The first part of this article explains what a VPN is and how can be used to access all the websites that are currently blocked in China (Facebook or Youtube, for instance). The second part is a review of StrongVPN, the VPN that I’m using this year.
What is a VPN and why I need it in China?
As you probably already know Internet doesn’t work as we wish in China and a large number of websites are blocked by the Great Firewall. Among the websites that you can’t access there are Facebook, Youtube, Twitter and Google+.
There are many other blocked websites, to the point that according to what you do it will be virtually impossible for you to work without a VPN (Virtual Private Network) from China. The most striking case is probably given by Google.com, which often returns an error message when used from within the Middle Kingdom.
But there is still hope…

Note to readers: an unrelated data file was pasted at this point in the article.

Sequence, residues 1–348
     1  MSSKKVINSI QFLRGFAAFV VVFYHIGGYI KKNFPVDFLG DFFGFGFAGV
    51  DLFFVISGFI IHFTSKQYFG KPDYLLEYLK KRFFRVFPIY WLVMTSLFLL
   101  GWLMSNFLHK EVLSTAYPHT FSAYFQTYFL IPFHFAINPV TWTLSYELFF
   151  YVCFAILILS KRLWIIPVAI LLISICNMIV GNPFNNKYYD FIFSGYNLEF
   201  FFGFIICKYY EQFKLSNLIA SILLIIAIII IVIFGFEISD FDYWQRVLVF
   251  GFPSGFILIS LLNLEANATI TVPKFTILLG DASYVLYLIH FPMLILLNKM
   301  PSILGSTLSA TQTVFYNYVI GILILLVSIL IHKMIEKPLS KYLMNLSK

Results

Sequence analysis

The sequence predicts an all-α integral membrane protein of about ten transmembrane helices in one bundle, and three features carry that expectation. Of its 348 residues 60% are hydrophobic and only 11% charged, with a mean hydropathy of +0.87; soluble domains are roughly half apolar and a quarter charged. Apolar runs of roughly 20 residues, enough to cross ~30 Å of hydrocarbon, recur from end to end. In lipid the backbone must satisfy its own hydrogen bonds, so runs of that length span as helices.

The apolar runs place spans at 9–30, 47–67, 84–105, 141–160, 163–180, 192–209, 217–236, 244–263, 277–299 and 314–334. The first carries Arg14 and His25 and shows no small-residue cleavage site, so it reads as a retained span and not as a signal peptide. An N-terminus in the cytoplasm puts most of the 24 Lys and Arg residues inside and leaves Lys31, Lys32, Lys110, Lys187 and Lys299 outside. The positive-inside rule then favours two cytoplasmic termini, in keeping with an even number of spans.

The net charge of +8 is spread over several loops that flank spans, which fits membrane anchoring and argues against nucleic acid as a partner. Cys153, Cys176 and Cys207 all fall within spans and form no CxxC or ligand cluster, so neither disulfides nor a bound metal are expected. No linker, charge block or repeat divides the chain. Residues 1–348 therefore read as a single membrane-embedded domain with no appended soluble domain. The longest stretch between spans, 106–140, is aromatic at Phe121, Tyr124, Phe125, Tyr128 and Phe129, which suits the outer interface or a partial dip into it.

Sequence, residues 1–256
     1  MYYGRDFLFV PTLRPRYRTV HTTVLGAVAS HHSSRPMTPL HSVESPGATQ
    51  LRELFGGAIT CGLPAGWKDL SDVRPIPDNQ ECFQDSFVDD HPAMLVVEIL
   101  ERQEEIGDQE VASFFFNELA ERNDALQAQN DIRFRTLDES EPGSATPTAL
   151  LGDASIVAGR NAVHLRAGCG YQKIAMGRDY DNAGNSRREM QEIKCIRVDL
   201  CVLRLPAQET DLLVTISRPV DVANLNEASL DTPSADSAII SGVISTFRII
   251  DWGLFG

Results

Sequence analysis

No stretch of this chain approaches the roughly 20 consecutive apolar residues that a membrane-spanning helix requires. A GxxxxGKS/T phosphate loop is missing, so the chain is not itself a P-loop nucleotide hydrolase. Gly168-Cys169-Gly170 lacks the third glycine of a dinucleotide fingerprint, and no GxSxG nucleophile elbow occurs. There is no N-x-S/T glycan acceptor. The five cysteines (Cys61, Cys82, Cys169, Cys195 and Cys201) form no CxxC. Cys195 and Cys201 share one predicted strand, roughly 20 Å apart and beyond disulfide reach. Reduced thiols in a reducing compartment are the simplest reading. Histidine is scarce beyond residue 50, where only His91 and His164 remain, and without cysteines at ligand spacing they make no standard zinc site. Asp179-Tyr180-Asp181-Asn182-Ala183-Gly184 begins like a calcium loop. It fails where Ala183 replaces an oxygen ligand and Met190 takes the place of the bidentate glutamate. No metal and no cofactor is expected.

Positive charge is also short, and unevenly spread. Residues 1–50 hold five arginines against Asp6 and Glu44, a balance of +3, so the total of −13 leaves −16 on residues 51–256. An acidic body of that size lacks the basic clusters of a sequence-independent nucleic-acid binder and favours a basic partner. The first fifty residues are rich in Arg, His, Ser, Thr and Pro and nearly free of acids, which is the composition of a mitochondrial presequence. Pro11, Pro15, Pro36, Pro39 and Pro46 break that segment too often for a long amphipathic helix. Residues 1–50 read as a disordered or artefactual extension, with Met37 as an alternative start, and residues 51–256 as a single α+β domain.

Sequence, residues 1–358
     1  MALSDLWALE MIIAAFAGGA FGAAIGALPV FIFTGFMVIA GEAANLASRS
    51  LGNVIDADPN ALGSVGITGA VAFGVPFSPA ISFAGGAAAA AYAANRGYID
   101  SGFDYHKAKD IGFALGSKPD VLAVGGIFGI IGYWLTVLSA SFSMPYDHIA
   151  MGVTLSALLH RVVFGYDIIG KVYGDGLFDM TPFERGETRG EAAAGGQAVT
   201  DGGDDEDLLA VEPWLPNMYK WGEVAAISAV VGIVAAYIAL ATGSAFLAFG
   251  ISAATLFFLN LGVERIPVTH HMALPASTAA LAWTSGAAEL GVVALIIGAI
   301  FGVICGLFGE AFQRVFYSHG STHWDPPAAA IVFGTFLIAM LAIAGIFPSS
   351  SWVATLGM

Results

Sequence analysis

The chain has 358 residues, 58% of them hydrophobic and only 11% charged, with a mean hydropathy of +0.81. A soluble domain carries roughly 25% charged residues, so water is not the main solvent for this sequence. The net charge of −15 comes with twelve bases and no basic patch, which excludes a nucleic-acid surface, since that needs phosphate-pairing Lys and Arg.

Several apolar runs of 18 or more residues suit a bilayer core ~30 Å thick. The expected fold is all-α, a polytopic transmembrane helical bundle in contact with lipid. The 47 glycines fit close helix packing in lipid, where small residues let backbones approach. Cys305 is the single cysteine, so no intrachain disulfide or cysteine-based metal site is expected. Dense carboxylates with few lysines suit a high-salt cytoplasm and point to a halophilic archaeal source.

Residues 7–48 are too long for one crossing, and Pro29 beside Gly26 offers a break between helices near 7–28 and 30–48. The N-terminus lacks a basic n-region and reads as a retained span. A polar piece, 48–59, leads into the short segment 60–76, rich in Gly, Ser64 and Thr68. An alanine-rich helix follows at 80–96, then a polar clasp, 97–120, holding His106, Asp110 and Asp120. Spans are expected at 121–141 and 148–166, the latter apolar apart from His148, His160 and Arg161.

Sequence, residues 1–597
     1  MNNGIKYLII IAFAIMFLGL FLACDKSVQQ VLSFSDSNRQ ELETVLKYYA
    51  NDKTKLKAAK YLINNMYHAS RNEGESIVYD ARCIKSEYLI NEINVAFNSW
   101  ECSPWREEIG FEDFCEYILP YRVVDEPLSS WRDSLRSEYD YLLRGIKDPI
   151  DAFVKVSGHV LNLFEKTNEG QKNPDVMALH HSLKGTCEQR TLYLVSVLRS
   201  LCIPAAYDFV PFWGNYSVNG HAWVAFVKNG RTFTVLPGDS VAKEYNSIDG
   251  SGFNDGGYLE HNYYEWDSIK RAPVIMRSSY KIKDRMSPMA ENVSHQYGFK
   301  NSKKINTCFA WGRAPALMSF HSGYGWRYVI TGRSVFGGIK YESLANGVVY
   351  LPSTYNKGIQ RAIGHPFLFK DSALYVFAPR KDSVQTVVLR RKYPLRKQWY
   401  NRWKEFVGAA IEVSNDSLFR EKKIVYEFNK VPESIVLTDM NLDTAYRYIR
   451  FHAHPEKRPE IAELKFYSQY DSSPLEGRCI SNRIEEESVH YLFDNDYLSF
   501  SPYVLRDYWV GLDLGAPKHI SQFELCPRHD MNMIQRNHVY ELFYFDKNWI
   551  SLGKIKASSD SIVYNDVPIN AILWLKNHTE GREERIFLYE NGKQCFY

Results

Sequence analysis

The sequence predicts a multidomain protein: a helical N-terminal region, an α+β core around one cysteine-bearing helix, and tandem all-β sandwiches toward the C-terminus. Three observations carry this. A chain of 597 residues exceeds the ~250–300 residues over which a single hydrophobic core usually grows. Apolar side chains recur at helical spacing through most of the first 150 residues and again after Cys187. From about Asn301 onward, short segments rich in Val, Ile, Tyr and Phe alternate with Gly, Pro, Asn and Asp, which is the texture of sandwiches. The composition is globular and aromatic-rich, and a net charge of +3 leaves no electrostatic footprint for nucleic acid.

What you can do is to install a VPN, which masks your I.P. address so that your laptop appears to be connected from U.S. or Japan even if you are in China.
Having a VPN will allow you to bypass the firewall and access any website you want. However the sine qua non condition is that your VPN works well, which isn’t always guaranteed!
Just for seek of clarity, the VPN were originally developed for other purposes, such as gain remote access to a private network, encrypt sensible data, anonymously surf the web and so on. However with the time they become very popular in China, especially within the foreigners that need it for working (or for those that can’t refrain to update their Facebook state every two hours haha).
Which VPN should you choose?
Even if there are several free option such as Freegate (which is actually a proxy, not a VPN), they aren’t reliable at all and extremely slow. The practical result is that with a free option you won’t be able to do nothing beside checking your Facebook or Twitter feeds. Yup, even post a comment on Facebook will become a mission impossible. Let’s not talk about watching a video on Youtube.
The best option is, without a doubt, to buy a VPN service, which are usually quite affordable as you can get a good VPN for 7-8 USD per month.